First in an Open-ended Series
When the american thinks of European contributions to current religious thought, he thinks German. Since the nineteenth century, when the seminar system of the German universities injected a new standard of rigorous scholarship into American graduate schools, America has never ceased to be awed by the imposing edifice of German thought. Who else produces “Handbooks” that are invariably encyclopedias, and reference works so detailed as to preclude completion?
In theology particularly, where the American inferiority complex reigns with no little justification (superficial, pragmatic modernism vs. superficial, pious fundamentalism), German religious thought seems to dominate without competition: the three B’s, Barth, Bultmann, and Bonhoeffer, and their reactors and semi-reactors: Cullmann, Stauffer, Pannenberg, Moltmann, and the post-Bultmannians.
But German scholarship in general has shown an appalling loss of the forest of values in the trees of documentation (scientific experimentation on human beings during the Third Reich); and someone has wryly commented that America has become the elephants’ graveyard of old German theological heresies. Perhaps the time has come to look to another linguistic area for insights on current religious thought. In this and subsequent articles—at irregular intervals—we shall observe major examples of French religious thinking.
Three years ago, Lucien Goldmann died suddenly at a relatively young age, fifty-seven. Born at Bucharest, he had become one of the most important Marxist thinkers writing in the French language. While studying at Vienna in the 1930s he came into contact with the early writings of Herbert Marcuse; as a student in Paris, he found it prudent to leave the country to avoid Nazi persecution, and was released from internment in a Swiss refugee camp through the efforts of Jean Piaget. He took his doctorate at Zurich, producing a dissertation on Kant and dialectic thinking.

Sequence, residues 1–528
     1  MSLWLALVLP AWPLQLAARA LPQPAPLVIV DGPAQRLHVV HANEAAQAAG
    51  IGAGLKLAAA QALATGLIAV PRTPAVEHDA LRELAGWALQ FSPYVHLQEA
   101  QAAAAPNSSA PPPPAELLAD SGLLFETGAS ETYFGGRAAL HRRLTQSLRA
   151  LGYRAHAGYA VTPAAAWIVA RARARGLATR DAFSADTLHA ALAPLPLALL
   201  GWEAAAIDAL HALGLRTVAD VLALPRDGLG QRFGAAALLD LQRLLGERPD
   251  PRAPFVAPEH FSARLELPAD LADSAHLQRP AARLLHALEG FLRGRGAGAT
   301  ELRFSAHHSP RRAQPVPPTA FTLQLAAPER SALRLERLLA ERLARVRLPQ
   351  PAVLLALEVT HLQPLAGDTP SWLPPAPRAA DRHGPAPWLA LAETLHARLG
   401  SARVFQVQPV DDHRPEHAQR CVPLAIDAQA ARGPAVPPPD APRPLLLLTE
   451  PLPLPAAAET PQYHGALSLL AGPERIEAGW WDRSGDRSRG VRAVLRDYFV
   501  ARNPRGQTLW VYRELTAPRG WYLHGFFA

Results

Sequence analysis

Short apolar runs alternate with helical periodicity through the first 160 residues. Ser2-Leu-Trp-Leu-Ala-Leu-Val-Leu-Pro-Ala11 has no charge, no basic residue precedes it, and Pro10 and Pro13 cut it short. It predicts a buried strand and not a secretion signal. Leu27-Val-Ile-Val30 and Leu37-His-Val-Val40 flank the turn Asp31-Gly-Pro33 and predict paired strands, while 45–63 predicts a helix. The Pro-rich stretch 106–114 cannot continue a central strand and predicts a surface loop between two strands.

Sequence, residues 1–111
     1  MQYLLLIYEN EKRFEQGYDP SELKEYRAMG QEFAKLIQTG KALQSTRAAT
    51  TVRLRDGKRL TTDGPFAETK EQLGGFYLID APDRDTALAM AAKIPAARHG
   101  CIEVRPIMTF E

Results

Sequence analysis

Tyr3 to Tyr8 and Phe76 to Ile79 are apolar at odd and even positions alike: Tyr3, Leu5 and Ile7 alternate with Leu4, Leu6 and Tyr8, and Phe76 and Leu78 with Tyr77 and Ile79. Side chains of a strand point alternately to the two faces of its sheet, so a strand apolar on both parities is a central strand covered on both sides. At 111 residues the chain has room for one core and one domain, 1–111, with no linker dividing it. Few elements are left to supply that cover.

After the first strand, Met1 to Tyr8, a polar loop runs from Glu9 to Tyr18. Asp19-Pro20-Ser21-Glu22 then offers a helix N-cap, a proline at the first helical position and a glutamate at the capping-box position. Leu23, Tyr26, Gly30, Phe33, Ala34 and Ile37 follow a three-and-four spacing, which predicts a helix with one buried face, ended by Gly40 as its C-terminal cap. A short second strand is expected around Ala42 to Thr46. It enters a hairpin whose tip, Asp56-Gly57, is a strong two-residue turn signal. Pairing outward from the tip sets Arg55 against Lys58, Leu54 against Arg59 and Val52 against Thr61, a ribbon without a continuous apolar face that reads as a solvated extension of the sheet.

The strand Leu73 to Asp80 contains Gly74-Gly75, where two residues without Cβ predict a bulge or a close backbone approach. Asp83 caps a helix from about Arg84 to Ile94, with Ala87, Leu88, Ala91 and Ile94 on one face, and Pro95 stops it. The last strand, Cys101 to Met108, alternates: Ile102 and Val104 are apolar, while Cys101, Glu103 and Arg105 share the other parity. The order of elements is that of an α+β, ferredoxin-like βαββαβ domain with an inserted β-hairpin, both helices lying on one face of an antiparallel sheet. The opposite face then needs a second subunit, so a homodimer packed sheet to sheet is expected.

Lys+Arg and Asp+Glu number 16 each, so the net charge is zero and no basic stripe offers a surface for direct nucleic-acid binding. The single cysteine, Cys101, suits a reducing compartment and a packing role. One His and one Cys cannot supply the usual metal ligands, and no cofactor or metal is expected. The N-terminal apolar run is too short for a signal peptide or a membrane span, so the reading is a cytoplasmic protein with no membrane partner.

What turned Goldmann into a convinced, lifelong Marxist was his encounter during his “Swiss period” with the work of Georg Lukacs, who offered an alternative to Nazi barbarism and the dogmatic Marxism of Stalin. Goldmann strove to integrate Lukacs’s “open” and humanistic Marxism with Piaget’s genetic epistemology. After the liberation, Goldmann returned to Paris, took a second doctorate, and published a series of studies that established his reputation as a serious and sensitive thinker, concerned with the implications of ultimate philosophical and political commitment on all realms of human activity. In May, 1968, he took part in the student revolts which brought the French nation virtually to a standstill—and which, ironically and dialectically, through a backlash effect, put DeGaulle back in power with an even stronger mandate from the people to restore order. Two years later atheist Goldmann and Catholic DeGaulle stood at the bar of judgment, both doubtless surprised to be there, but for different reasons.